The runner already is attracting stares.
He is wearing $20 Walmart sneakers. He has a four inch red mohawk, which sprouts from his head like the feathers of an odd bird.
On this cool St. Louis morning, the other athletes wonder what he is doing at the starting line of a grueling 26.2 mile run.
Runner number 1023 can explain his presence in two words. Earlier he has printed the black letters on a simple white sheet of paper. Before he begins the long run, he poses for a picture with the paper in his hand. It reads: SANDRA MITCHELL.
Just days ago George sent me an email: “I promise to hold your name every race until you are cured.”
“Geo” might attract stares anywhere. His eyebrows are dyed the same color as his cherry Kool Aid mohawk. He has a ring through his nose. The holes in both his ears are so big, I easily could slide a tube of lipstick through them. But when I look at the picture he has sent to me, I see something else. Determination. Compassion. Honesty.
Geo and I met on my recent visit to New Orleans. He was working at “The Hard Rock Cafe” in The French Quarter. We stopped in to buy a souvenir and left with a lesson in humanity. In the four minutes it took for my daughter to look at the t-shirt selection, Geo listened to the story of my diagnosis and prognosis. “I’m a marathon runner,” he said proudly. “I’ll run in your name.” We hugged and went on our way. I never expected to hear from Geo again. But a few days later the picture was in my e-mail box with this message: “You inspire me to find strength to run harder.”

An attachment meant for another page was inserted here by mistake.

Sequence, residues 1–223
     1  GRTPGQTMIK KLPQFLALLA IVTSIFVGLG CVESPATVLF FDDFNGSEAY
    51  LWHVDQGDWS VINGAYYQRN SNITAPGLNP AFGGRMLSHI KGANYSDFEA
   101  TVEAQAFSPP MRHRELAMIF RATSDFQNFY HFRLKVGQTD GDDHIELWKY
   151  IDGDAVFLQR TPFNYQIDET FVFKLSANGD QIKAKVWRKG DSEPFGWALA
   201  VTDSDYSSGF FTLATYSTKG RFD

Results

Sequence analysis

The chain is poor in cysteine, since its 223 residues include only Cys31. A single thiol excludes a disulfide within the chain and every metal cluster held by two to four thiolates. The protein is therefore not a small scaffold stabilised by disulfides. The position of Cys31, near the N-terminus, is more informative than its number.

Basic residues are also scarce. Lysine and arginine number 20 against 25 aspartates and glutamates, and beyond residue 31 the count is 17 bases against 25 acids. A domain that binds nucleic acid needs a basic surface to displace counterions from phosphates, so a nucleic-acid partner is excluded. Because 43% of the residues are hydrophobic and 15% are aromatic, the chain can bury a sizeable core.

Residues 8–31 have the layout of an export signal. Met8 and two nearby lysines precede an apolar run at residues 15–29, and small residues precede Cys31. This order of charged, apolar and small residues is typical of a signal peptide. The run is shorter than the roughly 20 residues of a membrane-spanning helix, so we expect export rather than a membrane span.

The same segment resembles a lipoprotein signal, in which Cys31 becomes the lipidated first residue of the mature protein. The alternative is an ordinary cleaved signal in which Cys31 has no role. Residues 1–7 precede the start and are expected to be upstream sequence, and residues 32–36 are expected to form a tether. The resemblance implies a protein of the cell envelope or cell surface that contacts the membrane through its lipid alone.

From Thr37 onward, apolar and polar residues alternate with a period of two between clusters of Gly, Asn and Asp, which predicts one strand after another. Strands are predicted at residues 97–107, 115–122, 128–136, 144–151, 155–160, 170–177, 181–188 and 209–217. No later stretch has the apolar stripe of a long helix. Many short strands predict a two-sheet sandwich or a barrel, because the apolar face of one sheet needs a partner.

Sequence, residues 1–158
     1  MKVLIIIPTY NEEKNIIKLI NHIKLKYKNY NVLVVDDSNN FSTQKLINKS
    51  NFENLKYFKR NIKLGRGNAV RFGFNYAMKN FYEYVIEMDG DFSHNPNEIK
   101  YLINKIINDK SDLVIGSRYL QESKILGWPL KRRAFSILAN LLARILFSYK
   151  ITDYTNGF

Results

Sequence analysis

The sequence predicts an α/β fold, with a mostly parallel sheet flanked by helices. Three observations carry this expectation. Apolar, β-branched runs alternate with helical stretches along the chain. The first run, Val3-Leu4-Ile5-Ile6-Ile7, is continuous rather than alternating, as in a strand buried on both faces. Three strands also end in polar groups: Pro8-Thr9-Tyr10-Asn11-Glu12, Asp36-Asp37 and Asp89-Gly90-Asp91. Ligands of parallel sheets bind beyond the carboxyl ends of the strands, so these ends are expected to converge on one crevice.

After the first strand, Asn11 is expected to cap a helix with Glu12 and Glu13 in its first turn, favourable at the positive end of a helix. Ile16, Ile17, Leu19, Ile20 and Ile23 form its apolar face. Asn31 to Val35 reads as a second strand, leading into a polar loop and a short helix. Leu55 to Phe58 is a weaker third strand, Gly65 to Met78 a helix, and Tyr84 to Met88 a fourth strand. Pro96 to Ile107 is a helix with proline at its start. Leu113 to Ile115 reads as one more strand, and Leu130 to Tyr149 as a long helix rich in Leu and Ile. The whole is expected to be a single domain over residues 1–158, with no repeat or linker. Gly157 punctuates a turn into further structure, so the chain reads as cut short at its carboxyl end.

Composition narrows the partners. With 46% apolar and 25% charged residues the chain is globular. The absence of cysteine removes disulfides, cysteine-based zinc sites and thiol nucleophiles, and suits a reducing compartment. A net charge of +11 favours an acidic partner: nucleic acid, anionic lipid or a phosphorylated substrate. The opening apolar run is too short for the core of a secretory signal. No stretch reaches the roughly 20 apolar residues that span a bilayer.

New Orleans, St. Louis, Detroit, Savannah, he’s running a marathon a week. In his marathon bag, he always carries the paper with my name on it.
I struggle to understand why a stranger would do this for me. Cancer, I’ve learned, is a bigger cause that connects us all. He is simply one person reaching out to another. Geo also runs because right now, I can’t. The daily radiation treatments are beginning to take their toll. Some days the fatigue settles on my body like an unwelcome house guest. “Time for you to leave now I think, I want my old life back!”
I am only half way through my treatments, it is hard for me to see the finish line. But my support system now stretches across the United States, to a city that knows how to recover from devastation. Alone in the radiation tunnel, I imagine the sweet sounds of a New Orleans jazz trumpet, and Geo’s encouraging words: “When you have conquered this, we will do a marathon together.”
When I finally cross this finish line, I know my loved ones will be there to witness the accomplishment. In a crowd of thousands, I should be easy to find. I’ll be the one running hand in hand with the guy with the red mohawk.